For over a decade, we’ve been advising our clients and colleagues to “take a walk in the shoes of your customer” — to understand and empathize with the plight of patients and caregivers, so you can “get into their skin” and know how best to communicate with them.
Well, it’s really no different today, except now the shoes are walking in a technology-centered world, where devices and apps are doing more things to help these people manage and maintain their health.
Using technology to solve human problems
In the decade of walking in the shoes, technology has evolved at a speed that is outpacing that of humans — yet interestingly, in the process of evolution, it recognizes the need to address a human problem: health. In many ways, technology understands how to better connect and drive engagement and action in patients and caregivers, perhaps even more than humans do. And technology for health is in its nascent stage, just beginning to define the future and where it will lead to real time and future time, better outcomes.
Biometrics and biofeedback: the patients’ new shoes
“Walking in the shoes” takes on new meaning when it comes to technology-enabled health tracking. The foundation of health management has been episodic. When something happens, we go to the doctor and iterate the process of “describe, discuss, prescribe.” Continuous management and feedback on vitals, biometrics, pill compliance, and other real-world behavior will enable a shift towards continuous medicine — and in very real terms, allow for “walking in the patients’ shoes” beyond episodic empathy and sensitivity. We will see and understand the health transformation of people in real time by observing their lives, their health metrics, and their outcomes.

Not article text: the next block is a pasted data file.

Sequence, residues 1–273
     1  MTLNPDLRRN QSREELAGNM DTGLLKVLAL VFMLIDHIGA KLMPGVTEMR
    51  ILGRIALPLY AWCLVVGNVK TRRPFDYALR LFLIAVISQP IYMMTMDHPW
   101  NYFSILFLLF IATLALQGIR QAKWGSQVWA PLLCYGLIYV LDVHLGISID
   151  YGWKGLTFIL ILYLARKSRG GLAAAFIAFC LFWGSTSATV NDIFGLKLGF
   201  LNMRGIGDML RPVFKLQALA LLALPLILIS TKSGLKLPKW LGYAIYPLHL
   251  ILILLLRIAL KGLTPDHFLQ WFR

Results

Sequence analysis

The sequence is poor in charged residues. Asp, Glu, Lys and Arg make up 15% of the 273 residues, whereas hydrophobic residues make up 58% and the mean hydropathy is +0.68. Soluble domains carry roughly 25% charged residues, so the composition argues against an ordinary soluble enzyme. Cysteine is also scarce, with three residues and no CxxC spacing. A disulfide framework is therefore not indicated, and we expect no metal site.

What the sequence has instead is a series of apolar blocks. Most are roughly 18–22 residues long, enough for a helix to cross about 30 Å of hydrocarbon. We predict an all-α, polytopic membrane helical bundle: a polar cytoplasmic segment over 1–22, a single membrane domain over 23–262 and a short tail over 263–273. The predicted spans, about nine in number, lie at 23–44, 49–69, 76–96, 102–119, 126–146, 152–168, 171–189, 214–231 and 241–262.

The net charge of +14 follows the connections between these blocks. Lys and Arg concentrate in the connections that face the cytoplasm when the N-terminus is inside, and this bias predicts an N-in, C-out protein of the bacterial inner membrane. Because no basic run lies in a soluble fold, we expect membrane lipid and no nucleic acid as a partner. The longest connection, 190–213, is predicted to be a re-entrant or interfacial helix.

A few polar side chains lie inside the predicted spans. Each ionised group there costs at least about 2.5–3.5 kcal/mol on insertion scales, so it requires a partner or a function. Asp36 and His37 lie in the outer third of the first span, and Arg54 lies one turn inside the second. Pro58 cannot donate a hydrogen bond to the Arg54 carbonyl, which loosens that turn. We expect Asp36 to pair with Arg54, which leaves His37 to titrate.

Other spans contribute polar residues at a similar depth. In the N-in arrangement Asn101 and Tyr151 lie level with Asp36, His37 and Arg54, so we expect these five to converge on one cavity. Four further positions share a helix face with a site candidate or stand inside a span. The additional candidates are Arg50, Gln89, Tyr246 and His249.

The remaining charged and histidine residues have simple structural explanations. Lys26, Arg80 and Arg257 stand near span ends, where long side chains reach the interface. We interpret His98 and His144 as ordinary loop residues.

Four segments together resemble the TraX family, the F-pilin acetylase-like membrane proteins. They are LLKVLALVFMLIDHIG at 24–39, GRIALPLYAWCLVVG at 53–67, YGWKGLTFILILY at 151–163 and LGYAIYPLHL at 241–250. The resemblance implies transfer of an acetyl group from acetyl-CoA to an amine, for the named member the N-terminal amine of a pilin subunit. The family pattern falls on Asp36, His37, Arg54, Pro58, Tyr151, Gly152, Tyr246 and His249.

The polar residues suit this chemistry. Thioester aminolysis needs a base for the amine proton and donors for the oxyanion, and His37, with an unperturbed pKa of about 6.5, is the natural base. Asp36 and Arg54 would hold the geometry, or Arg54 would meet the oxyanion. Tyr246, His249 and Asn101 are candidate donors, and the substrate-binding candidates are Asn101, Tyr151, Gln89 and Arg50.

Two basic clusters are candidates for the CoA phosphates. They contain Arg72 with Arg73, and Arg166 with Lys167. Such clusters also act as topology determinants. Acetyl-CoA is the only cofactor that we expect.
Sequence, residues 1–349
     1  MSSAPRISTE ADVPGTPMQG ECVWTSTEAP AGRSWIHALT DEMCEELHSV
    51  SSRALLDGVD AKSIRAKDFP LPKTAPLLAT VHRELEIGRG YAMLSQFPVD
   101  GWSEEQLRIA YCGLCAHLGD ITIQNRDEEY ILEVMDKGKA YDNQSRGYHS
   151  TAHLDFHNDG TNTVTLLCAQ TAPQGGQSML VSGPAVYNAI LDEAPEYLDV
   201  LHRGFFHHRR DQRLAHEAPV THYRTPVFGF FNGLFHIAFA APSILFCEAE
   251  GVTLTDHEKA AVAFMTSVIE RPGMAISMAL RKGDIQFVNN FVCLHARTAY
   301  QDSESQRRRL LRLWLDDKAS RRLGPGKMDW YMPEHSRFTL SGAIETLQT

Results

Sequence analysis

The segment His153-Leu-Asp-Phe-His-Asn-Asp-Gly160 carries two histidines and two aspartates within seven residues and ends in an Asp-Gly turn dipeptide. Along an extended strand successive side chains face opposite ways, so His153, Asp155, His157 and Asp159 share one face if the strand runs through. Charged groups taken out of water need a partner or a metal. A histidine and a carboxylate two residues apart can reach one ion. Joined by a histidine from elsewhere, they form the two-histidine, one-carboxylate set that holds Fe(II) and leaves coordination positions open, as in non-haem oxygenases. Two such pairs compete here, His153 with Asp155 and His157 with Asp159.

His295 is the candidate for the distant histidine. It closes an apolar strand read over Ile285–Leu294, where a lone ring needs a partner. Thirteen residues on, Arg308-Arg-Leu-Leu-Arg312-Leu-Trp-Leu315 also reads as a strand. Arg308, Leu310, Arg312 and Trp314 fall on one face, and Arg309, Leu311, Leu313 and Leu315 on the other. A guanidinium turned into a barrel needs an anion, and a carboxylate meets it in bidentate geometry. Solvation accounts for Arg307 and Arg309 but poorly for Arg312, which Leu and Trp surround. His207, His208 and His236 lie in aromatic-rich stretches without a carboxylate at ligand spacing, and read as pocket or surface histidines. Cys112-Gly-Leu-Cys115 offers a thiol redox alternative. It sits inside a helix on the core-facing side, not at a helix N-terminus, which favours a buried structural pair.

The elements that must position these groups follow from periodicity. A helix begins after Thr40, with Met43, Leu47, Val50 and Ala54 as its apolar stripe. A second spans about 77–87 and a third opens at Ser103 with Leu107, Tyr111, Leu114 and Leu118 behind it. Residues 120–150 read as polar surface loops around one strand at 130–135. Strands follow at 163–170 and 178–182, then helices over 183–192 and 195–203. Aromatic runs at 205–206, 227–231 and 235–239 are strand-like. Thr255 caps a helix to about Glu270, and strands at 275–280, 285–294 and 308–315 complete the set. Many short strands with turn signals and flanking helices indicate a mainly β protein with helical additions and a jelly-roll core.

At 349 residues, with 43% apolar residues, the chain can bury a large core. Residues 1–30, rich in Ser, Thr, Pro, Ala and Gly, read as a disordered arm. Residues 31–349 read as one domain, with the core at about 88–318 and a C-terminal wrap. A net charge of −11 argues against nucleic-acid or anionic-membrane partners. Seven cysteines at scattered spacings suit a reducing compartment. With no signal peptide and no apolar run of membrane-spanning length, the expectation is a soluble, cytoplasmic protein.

The key areas of innovation could be bucketed into four categories:
The investment in these areas and the proliferation of companies developing innovative solutions is dramatic. Remote monitoring of pill compliance through programmed pill dispensers, use of biofeedback in managing ADHD and depression, exome-sequenced interventional logic for personalized and preventive medicine, and next-generation robotics to enhance or replace limbs are “always-on” platforms that change the function of a provider from somewhere between an interviewer and a detective to an analyst. As a financial advisor manages his fund’s health by constantly monitoring data, the provider-patient-caregiver relationship stands to be transformed to a proactive monitoring-driven intervention approach over an exacerbation-driven intervention approach.
Sensitivity and empathy are at the heart of the idea of “walking in the patients’ shoes,” and will always be at the core of care. Technology simply amplifies what is actionable and when.